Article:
More Than a Village: Underage Drinking in America

Stephen Gray Wallace, MS Ed

A report from the National Research Council and Institute of Medicine of the National Academies (Reducing Underage Drinking: A Collective Responsibility) sounds the alarm on an epidemic of underage drinking in America. In the spirit of "it takes a village," it also serves up a strategy suggesting the participation of most all segments of society. From parents and pubs, to cops and congressmen, everybody has a role to play. As well they should.

Teens Today research from SADD and Liberty Mutual Group points to some startling facts about youth and alcohol.

  • Drinking increases significantly between the 6th and 7th grades.
  • The average age for teens to start drinking is thirteen years old.
  • By 12th grade, more than three in four teens are drinking.

Long the poor stepchild of anti-drug efforts, underage drinking remains a substantial threat. Indeed, the Academies estimate the annual cost to be $53 billion in losses from traffic deaths, violent crime, and other destructive behavior . . . say nothing of the damage to mental health, school performance, and relationships with parents and peers. The fact is that too many adults send too many messages that encourage or enable teen drinking. And too many parents expect or ignore it.

It is past time to reconcile the forces of indifference and indulgence that perpetuate underage drinking with the urgent need to keep young people safe and alive.

The Academies call for a series of steps they believe will change the face of "normative" behavior when it comes to adolescents and alcohol—not the least of which would be a national media campaign designed to educate adults about the extent and risks of underage drinking and their own role as facilitators. After all, the Academies note, most underage drinking involves adults—who sell it, buy it, or allow parties in their homes. Just as important, the report tackles head on the issue of alcohol advertising that is attractive to teens and appeals to the social conscience of the entertainment industry to limit youth exposure to content that portrays alcohol consumption in a favorable light.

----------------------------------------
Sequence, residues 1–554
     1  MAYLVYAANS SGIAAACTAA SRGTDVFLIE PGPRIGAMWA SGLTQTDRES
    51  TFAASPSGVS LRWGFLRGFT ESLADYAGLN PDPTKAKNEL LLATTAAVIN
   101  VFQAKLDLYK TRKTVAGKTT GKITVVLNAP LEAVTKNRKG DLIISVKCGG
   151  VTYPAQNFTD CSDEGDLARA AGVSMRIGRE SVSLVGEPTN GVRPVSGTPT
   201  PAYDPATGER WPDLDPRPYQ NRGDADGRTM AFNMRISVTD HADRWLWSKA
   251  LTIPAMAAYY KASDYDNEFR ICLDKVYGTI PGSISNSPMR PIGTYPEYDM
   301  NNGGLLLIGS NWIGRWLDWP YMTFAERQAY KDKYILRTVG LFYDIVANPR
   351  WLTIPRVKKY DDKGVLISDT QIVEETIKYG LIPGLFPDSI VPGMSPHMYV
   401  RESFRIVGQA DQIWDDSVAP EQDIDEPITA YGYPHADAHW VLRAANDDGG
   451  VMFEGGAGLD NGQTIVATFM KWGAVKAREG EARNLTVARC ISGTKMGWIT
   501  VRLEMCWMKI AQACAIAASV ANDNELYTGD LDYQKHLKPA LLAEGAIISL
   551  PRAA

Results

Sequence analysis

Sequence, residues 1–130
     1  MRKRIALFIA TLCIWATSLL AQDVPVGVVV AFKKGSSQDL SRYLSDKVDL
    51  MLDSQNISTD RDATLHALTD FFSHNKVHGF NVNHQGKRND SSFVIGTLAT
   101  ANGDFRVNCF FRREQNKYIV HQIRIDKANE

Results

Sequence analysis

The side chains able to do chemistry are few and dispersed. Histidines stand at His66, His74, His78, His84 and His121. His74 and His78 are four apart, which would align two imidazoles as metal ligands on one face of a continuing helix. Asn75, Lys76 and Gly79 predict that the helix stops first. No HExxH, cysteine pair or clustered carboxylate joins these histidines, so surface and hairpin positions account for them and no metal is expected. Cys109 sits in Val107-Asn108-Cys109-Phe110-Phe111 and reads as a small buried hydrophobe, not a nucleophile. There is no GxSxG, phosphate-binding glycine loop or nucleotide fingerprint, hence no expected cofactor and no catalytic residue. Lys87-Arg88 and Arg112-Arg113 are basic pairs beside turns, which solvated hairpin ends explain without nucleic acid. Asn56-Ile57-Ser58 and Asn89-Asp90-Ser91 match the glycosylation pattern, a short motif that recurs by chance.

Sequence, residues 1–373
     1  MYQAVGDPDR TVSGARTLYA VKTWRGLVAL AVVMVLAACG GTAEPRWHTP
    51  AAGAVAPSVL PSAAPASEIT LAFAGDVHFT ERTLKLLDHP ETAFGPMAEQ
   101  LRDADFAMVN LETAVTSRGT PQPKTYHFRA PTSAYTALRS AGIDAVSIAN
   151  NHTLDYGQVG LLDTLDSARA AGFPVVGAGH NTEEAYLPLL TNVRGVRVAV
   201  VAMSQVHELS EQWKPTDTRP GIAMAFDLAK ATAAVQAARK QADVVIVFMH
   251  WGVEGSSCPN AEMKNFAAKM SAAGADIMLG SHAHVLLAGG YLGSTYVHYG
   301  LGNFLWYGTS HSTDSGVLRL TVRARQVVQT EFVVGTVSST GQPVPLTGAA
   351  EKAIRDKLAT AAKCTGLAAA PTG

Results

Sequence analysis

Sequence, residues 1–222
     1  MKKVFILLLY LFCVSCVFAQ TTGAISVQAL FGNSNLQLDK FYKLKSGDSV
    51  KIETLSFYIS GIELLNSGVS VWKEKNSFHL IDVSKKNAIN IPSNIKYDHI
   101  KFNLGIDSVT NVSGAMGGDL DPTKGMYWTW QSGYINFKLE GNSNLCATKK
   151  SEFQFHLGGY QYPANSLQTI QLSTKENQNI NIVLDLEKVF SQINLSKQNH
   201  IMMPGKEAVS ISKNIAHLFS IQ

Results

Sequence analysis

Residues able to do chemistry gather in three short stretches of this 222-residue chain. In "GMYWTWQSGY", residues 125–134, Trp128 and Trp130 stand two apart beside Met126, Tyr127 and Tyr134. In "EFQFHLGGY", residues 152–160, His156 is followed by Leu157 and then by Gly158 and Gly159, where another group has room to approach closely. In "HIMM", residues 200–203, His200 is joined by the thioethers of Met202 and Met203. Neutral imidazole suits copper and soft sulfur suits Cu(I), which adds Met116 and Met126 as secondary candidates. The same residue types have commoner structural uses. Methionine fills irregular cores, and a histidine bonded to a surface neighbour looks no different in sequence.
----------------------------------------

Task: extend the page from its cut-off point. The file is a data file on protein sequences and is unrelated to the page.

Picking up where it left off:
Perhaps most significant, the report suggests an array of youth-oriented interventions aimed not just at increasing self-esteem or decreasing peer pressure, but also at activities that educate, intervene, and enforce. Making those activities effective, however, requires a close examination of the factors that influence young people to drink in the first place.

Not surprisingly, some teens say they drink to have fun, to fit in, or just to do what their classmates seem to be doing. But engaging in destructive behaviors is not just about "having a good time." Many teens, particularly older ones, drink to escape problems. Left unaddressed, those problems can pose a significant risk to healthy social and emotional development. So too does a lack of experience in solving them.

The data also indicate other key drivers of decisions about alcohol, including depression, anxiety, stress, and boredom; a desire to feel grown up and to take risks; a fear of getting caught; and the influence of parents, friends, and siblings.

So what does this tell us? That there are practical approaches adults can take to reduce the likelihood that young people will turn to alcohol.

  • Monitor their emotional health—and intervene at signs of trouble. Anxiety, and its close cousin depression, correlates highly with alcohol use. So does boredom . . . so find things for teens to do that both stimulate and challenge.
  • Help them achieve their goals. Teens want to be successful, to grow up, and to take risks. Channel that risk-taking toward activities that enhance healthy socialization with peers and positive feelings about themselves. Also, take time to point out ways in which alcohol use can interfere with success in academics and athletics.
  • Establish (and enforce) consequences for bad behavior. Young people need clear boundaries and appreciate adults who care enough to patrol them.
  • Encourage relationships with good role models, be they adult, teen, or child. According to Teens Today research, 6th – 12th graders report parents, close friends, and other family members are most influential in their decisions not to drink.

Understanding teen drinking platforms deployment of the many people and programs needed to prevent it. As the ancient African proverb teaches, it will take a village. Maybe more.

Stephen Wallace, M.S.Ed., has broad experience as a school psychologist and adolescent counselor. He serves as chairman and CEO of SADD, director of counseling and counselor training at the Cape Cod Sea Camps, and adjunct professor of psychology at Mount Ida College. For more information about SADD or the Teens Today research, visit www.sadd.org.

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